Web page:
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BIOS 206 Course Notes and Unit 3 Study Guide

by: Plambam31

BIOS 206 Course Notes and Unit 3 Study Guide Bios 206

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This bundle includes important material from all different portions of the course - from Unit 1 all the way to Unit 3. This includes notes on Mitosis and Meiosis and their stages, different centrom...
Dr. Christensen
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This 14 page Bundle was uploaded by Plambam31 on Wednesday August 17, 2016. The Bundle belongs to Bios 206 at University of Nebraska Lincoln taught by Dr. Christensen in Spring 2016. Since its upload, it has received 53 views.


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Date Created: 08/17/16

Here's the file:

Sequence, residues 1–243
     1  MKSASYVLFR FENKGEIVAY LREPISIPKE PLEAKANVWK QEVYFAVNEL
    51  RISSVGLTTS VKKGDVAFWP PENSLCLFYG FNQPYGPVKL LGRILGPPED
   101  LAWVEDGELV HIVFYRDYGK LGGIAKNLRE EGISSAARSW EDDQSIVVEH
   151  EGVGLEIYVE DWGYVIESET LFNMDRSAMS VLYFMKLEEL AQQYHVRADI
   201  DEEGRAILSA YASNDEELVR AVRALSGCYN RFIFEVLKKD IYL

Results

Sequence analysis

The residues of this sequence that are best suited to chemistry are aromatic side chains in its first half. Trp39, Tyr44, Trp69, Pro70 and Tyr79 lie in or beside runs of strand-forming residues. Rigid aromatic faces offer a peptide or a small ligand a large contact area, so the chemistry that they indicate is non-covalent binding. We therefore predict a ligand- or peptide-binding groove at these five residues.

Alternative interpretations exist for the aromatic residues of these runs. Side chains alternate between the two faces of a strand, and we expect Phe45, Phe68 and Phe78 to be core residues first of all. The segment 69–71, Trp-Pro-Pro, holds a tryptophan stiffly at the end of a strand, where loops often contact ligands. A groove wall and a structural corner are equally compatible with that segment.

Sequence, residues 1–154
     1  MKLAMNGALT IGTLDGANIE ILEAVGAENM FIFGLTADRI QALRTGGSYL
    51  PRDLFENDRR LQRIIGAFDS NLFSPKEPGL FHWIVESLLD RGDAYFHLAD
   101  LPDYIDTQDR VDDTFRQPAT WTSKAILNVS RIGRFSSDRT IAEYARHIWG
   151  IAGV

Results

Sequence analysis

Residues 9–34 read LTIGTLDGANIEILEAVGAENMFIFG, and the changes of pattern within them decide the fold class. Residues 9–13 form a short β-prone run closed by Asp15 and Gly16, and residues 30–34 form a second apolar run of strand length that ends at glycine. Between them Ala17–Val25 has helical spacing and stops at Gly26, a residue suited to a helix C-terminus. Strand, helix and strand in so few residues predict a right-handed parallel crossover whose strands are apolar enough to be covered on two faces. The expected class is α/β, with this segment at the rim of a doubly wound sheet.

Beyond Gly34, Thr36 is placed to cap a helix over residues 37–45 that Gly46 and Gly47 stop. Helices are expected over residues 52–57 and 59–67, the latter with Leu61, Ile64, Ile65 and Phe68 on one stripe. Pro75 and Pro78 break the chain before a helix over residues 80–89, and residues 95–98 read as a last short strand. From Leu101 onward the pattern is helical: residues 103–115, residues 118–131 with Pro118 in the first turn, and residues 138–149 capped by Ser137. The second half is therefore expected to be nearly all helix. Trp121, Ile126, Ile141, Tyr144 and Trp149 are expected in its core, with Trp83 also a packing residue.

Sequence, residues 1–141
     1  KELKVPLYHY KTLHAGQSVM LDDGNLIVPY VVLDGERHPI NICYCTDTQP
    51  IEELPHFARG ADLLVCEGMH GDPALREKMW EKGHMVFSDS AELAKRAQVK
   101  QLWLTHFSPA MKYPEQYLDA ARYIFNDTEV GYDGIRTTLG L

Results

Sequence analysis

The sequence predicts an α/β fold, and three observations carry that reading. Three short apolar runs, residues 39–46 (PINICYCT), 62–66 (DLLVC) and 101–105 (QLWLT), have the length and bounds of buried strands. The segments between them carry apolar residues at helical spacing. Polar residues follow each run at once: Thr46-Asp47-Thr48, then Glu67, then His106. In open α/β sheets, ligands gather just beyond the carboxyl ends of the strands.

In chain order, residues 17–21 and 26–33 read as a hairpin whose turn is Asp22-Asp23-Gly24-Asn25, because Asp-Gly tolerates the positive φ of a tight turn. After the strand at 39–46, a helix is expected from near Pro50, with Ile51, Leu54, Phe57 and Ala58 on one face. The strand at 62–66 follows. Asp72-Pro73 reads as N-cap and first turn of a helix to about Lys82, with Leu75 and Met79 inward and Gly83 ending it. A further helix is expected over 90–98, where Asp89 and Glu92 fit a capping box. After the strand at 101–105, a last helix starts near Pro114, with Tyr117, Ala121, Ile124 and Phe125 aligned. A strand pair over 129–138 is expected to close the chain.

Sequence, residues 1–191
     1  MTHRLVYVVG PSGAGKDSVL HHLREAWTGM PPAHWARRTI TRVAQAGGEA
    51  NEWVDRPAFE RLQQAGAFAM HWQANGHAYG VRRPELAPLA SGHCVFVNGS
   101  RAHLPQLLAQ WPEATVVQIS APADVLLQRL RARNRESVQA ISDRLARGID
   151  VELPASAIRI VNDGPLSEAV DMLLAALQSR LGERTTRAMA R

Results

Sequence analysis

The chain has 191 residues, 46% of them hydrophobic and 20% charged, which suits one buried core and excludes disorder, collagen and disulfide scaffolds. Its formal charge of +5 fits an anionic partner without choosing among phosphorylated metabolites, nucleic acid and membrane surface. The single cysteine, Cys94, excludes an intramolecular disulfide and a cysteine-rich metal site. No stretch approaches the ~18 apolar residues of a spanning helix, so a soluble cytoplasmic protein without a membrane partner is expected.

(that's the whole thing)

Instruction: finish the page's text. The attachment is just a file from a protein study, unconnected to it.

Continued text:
BIOS  206  -­‐  General  Genetics  –  Dr.  Christensen     Unit  3  Mid-­‐Term  Study  Guide       Chapter  9     Heteroplasmy  =  when  one  or  more  organelles  have  a  mutation,  but  are  in  a  population  of   mostly  normal  organelles,  so  the  mutant  phenotype  is  not  revealed.  This  is  because  the  normal   organelles  perform  the  wild-­‐type  function.     Chapter  16     Inducible  System  =  Enzymes  produced  only  when  specific  chemical  substrates  are  present  (lac   operon  -­‐>  always  off  (unless  lactose  turns  it  on).     Repressible  system  =  Enzymes  always  produced  unless  turned  off  by  repressor  (Trp  operon  -­‐>   always  on  (unless  tryptofan  turns  it  off).     Constitutive  Enzymes  =  Enzymes  produced  continuously.     Negative  Control  =  expression  occurs  unless  it  is  shut  off  by  some  regulator  molecule       -­‐  Tryptofan  =  negative  control  for  the  trp  operon  (turns  off  transcription)     -­‐  Glucose  =  negative  control  for  the  lac  operon     -­‐Repressor  molecule  from  lacI  gene  is  a  negative  control  for  lac  operon     Positive  Control  =  Transcription  occurs  only  if  a  regulator  molecule  directly  stimulates  RNA   production       -­‐Lactose  is  positive  control  for  the  lac  operon     -­‐cAMP-­‐CAP  complex  in  lac  operon  performs  positive  control.     Cis-­‐acting  element  =  regulatory  region  on  the  same  strand  as  the  genes  it  regulates  (site  for   trans-­‐acting  elements  to  bind)     Trans-­‐acting  element  =  Molecule  that  control  transcription  by  binding  to  cis-­‐acting  sites.     LacZ  =  structural  gene  coding  for  B-­‐galactosidase  (converts  lactose  to  glucose  and  galactose)     LacY  =  structural  gene  coding  for  permease  (allows  lactose  to  enter  the  cell)     LacA  =  structural  gene  coding  for  transacetylase  (possibly  removes  toxic  byproducts  of  lactose   digestion)     Operator  region  =  cis-­‐acting  regulator  region  that’s  adjacent  to  structural  genes.     Repressor  Gene  (lacI)  =  produces  a  trans-­‐acting  product  that  binds  to  the  operator  (represses)       CAP  (catabolite-­‐activating  protein)  =  When  glucose  is  absent,  CAP  forms  a  complex  with  cyclic   adenosine  monophosphate  (cAMP)  and  binds  to  CAP-­‐binding  site.  This  acts  as  a  positive  control   by  allowing  RNA  polymerase  to  bind  to  the  promoter  and  thus  causing  transcription  to  occur.     -­‐  When  glucose  is  present,  cAMP  levels  decrease,  and  CAP-­‐cAMP  complex  doesn’t  form,  and   transcription  diminishes.     Promoter  =  This  is  where  RNA  polymerase  binds     Chapter  17     DNA  of  Eukaryotes:     -­‐Greater  amount  than  prokaryotic  cells.       -­‐Eukaryotic  DNA  is  associated  with  histones  and  other  proteins  to  form  highly  compact   chromatin  structures  within  a  nucleus     -­‐mRNA  must  be  spliced,  capped,  and  polyadenylated  prior  to  transport  from  the  nucleus     Histone  Acetylation  =  catalyzed  by  HATs  and  is  causes  an  increase  in  transcription  by  opening   up  chromatin  structure,  turning  it  into  euchromatin  (Histones  can  also  be  modified  by   methylation  and  phosphorylation).     Histone  Deacetylation  =  catalyzed  by  HDACs  and  causes  a  decrease  in  transcription  by  closing   chromatin  structure,  turning  it  into  heterochromatin.     DNA  Methylation  =  Occurs  most  often  in  the  cytosine  of  CpG  islands  and  causes  a  decrease  in   gene  expression.     Cis-­‐acting  sequence  =  located  on  the  same  chromosome  as  the  gene  it  regulates       -­‐Promoters   -­‐Enhancers   -­‐Silencers     Promoters  =  sequences  that  serve  as  recognition  sites  for  transcription  machinery.  Include:     -­‐Initiator  (Inr)   -­‐TATA  box   -­‐BRE   -­‐Downstream  Promoter  Element  (DPE)   -­‐Motif  Ten  Element  (MTE)   -­‐CAAT  and  GC  boxes  =  proximal  promoter  elements  upstream  of  TATA  and  BRE,  enhancing  basal   transcription     Enhancers  =  Cis-­‐acting  sites  that  up-­‐regulate  transcription  (Can  be  within,  on  either  side,  or   some  distance  from  the  gene)     Silencers  =  Cis-­‐acting  sites  that  down-­‐regulate  transcription.     Transcription  Factors  =  Transcription  regulatory  proteins  that  target  cis-­‐acting  regulatory  sites   and  bind  to  them,  either  increasing  or  decreasing  transcription.     -­‐Activators  =  increase  transcription     -­‐Repressors  =  decrease  transcription     Two  Functional  Domains  of  Transcription  Factors:     1.  DNA  Binding  Domain  –  Binds  to  specific  DNA  sequence     Types  of  DNA  binding  domains:   -­‐Basic  Leucine  Zipper   -­‐Zinc  finger   -­‐Helix-­‐turn-­‐Helix     2.  Trans-­‐Activating  Domain  –  Activates  or  represses  transcription  by  binding  to  other   transcription  factors  or  RNA  polymerase.     GAL  System  in  Yeast:     -­‐Inducible  system:  presence  or  absence  of  galactose  regulates  transcription  of  structural  genes   (GAL1,  GAL2,  GAL7,  and  GAL10)     -­‐Positive  Control:  Gal4p  is  necessary  for  transcription  to  occur     -­‐The  4  structural  genes  digest  galactose     -­‐3  regulatory  genes:  GAL4,  GAL80,  and  GAL3  –  regulate  transcription  of  structural  genes     -­‐Absence  of  galactose  =  Gal4p  is  bound  to  UAS  along  with  Gal80p  –  No  Transcription     -­‐Presence  of  galactose  =  Gal3p  (inducer)  binds  to  Gal80p,  so  Gal4p  trans-­‐activating  domain   becomes  exposed  –  Transcription  Occurs     UAS  =  upstream  activating  sequence.  Acts  as  an  enhancer.  They  are  constitutively  open  (free  of   nucleosomes)/  DNase  hypersensitive  (not  naturally  cut  by  DNase.  It’s  a  lab  technique  done  in   vitro)     Alternative  Splicing  –  Number  of  proteins  a  cell  can  make  (  its  proteome)  is  greater  than  the   number  of  genes  in  its  genome.       -­‐2/3  of  human  genes  undergo  this   -­‐Humans  produce  hundreds  of  thousands  of  different  proteins  from  just  20,000  genes     Sex  Lethal  (Sxl)  =  Switch  in  Drosophila  that  selects  the  pathway  of  sexual  development  in  a   female-­‐specific  fashion     siRNA  and  miRNA  -­‐  repress  mRNA  translation  and  trigger  mRNA  degradation     EPIGENETICS     Epigenetic  Trait  –  mitotically  or  meiotically  inherited  phenotype  that  results  from  a  change  in   gene  expression  without  changing  DNA  sequences.     Epigenome  –  genome  including  DNA  sequence  AND  all  epigenetic  traits     Epigenetic  code:   -­‐regulates  processes   -­‐explains  phenotypic  variation     Consists  of:   -­‐DNA  Methylation   -­‐Histone  Modification  –  alters  structure  of  chromatin  (open  or  close  structure)     X  chromosomes  of  females  being  changed  into  Barr  Bodies  =  example  of  epigenetics   (methylation)     Imprinted  Genes  =  show  expression  of  only  the  maternal  allele  or  paternal  allele     -­‐Hypermethylation  and  Hypomethylation  are  properties  of  cancers.           Chapter  20     Recombinant  DNA  =  DNA  created  by  joining  together  pieces  of  DNA  from  different  sources.     Steps:     1.  Cut  DNA  w/restriction  enzymes   2.  Ligate  DNA  to  a  plasmid  vector     3.  Insert  plasmid  into  host  cell   4.  Allow  it  to  replicate     5.  Collect  DNA  from  host  cell     Restriction  Enzyme  =  An  enzyme  that  recognizes  a  specific  DNA  sequence  and  cuts  the   phosphodiester  bonds  at  that  site,  forming  “sticky”  ends  (DNA  fragments  with  single-­‐stranded,   cohesive  overhanging  ends)  or  blunt  ends  (DNA  fragments  with  double-­‐stranded  ends)     -­‐Restriction  sites  are  usually  palindromic:  (5’  ATGCAT  3’)                              (3’  TACGTA  5’)     -­‐Restriction  sites  are  palindromic  to  ensure  that  both  strands  get  cut  and  so  the  DNA  sequence   being  inserted  to  the  vector  can  be  ligated  due  to  complimentary  palindromic  ends.     Vectors  =  DNA  molecules  that  can  replicate  cloned  DNA  fragments  in  a  host  cell.     -­‐Must  be  able  to  replicate  independently  (origin  of  replication)   -­‐Should  have  several  restriction  sites  to  allow  insertion  of  DNA   -­‐Must  have  selectable  marker  such  as  antibiotic  resistance     Types  of  Vectors:     Plasmid  =  Double  stranded  DNA  molecule  that  replicates  autonomously  in  bacterial  cells     Bacteriophage  Vectors  =  Lambda  vectors  –rarely  used  anymore     Cosmids  =  Combination  of  plasmids  and  phages.        –carry  up  to  50  kb  of  inserted  DNA   -­‐Have  advantage  of  being  delivered  efficiently  by  phage,  and  then  once  inside,  it  replicates  as  a   plasmid   -­‐Not  used  much  anymore     BAC  =  Bacterial  Artificial  Chromosome     -­‐Carry  up  to  300  kb  of  inserted  DNA   E.  coli  is  used  as  a  prokaryotic  host  cell  when  working  with  plasmids     Yeast  is  used  as  a  eukaryotic  host  cell  for  DNA  cloning  and  expression  of  eukaryotic  genes     Genomic  Library  –  contains  at  least  one  copy  of  all  the  DNA  in  the  genome       cDNA  Library  –  contains  complimentary  DNA  copies  of  the  mRNA  in  a  cell     Prepared  by:     -­‐isolating  mRNA  from  cells   -­‐Using  reverse  transcriptase  to  synthesize  complimentary  DNA     -­‐Cloning  the  cDNA  molecules  into  a  vector     -­‐cDNA  represents  the  genes  being  expressed  in  cells  at  the  time  the  library  was  made       Probe  =  Any  DNA  or  RNA  sequence  that  is  complimentary  to  the  target  gene  of  the  sequence  to   be  identified     -­‐Probes  are  used  to  screen  a  library  to  recover  clones  of  a  specific  gene     PCR  (Polymerase  Chain  Reaction)  =  Amplifies/makes  copies  of  a  target  DNA  sequence  without   host  cells     Advantages:   -­‐requires  small  amount  of  input  DNA   -­‐specificity  is  controlled  by  the  primer  sequence   -­‐Creates  billions  of  copies  very  quickly     Disadvantages:   -­‐very  susceptible  to  contamination   -­‐information  about  the  sequence  must  be  known  to  design  primers   -­‐error  prone   -­‐cannot  amplify  long  segments  of  DNA     Southern  Blot  (name  of  person)  =  allows  identification  of  one  DNA  fragment  in  a  complete   genome     -­‐specificity  is  due  to  a  probe     2  steps:   -­‐separation  of  DNA  fragments  by  size   -­‐identification  of  fragment  of  interest  by  hybridization     northern  blot  –  Uses  RNA  on  the  gel  –  separated  by  size     Chapter  21     DNA  Sequencing  –  Process  of  determining  the  order  of  nucleotides  (A,T,G,C)  within  a  DNA   molecule     Sanger  DNA  Sequencing  –  Chain  termination  sequencing       -­‐adds  deoxynucleotides,  but  then  adds  di-­‐deoxynucleotides  (No  OH  group)  to  end  the  chain   with  fluorescent  tags  which  allows  for  automatic  detection  of  the  DNA  sequence.     Clone-­‐by-­‐Clone  Sequencing  –  Slowest  method.  Expensive.  Not  used  much  anymore.     -­‐Cut  DNA  with  restriction  enzymes   -­‐Clone  fragment  into  BAC  or  YAC       Whole  Genome  Shotgun  (WGS)  –  Faster  more  efficient  method.  Uses  Contigs  (contiguous   fragments)  =  overlapping  fragments  that  collectively  form  a  DNA  molecule     -­‐Cut  DNA  with  different  restriction  enzymes   -­‐Overlap  sequenced  fragments  using  computer   -­‐Fragments  aligned  based  on  identical  DNA  sequences     Next  Gen  Sequencing  (High  throughput)  –  best  type  of  sequencing  –computer  automated     Genomics  =  study  of  genomes  (complete  set  of  DNA  in  a  single  cell  of  an  organism)     Structural  Genomics  =  focuses  on  analyzing  nucleotide  sequences  to  identify  genes  and   regulatory  elements     Bioinformatics  =  Use  of  computer  hardware  to  organize,  share,  and  analyze  data  related  to   gene  expression  and  protein  structure  and  function.     Open  Reading  Frames  (ORF)  =  Sequences  that  do  not  include  a  stop  codon  –  may  represent  a   protein  coding  gene     Functional  Genomics  =  Attempt  to  identify  functions  of  genes     Homologous  genes  =  genes  that  are  thought  to  have  descended  from  a  common  ancestor   Orthologs  =  homologous  genes  from  different  species     Paralogs  =  homologous  genes  from  the  same  species     The  Human  Genome  Project  (HGP)       -­‐Less  than  2%  of  the  genome  codes  for  proteins     -­‐There  are  only  about  25,000  protein  coding  genes  (alternative  splicing)     J.  Craig  Venter     -­‐Sequenced  own  genome   -­‐First  diploid  sequence  of  a  human     Single  Nucleotide  Polymorphisms  (SNP)     -­‐Are  alleles   -­‐Often  have  no  phenotype   -­‐Are  single  base  changes   -­‐Variation  between  different  humans  is  a  polymorphism     Comparative  Genomics  =  Compares  the  genomes  of  different  organisms  to  answer  questions   about  genetics.     -­‐Humans  share  large  numbers  of  genes  with  other  species.  98%  with  chimpanzees.  75%  of   genes  are  shared  with  dogs.     -­‐Comparative  genomics  identifies  members  of  Multigene  Families  including  nonfunctional   pseudogenes.     -­‐Group  of  related  multigene  families  is  a  superfamily     Metagenomics  =  study  of  genomes  of  entire  communities  of  organisms     -­‐allows  analysis  of  genomes  of  all  organisms  in  an  environmental  sample.  –Bacteria  in  lakes,  etc.     Transcriptomics  =  Global  analysis  of  gene  expression.  Involves  RNA     Proteomics  =  Study  of  proteomes  (complete  sets  of  proteins  encoded  by  a  cells  genome)     Systems  Biology  =  Takes  holistic  approach  and  incorporates  data  from  genomics,   transcriptomics,  and  proteomics  to  analyze  interactions.  This  is  the  interactome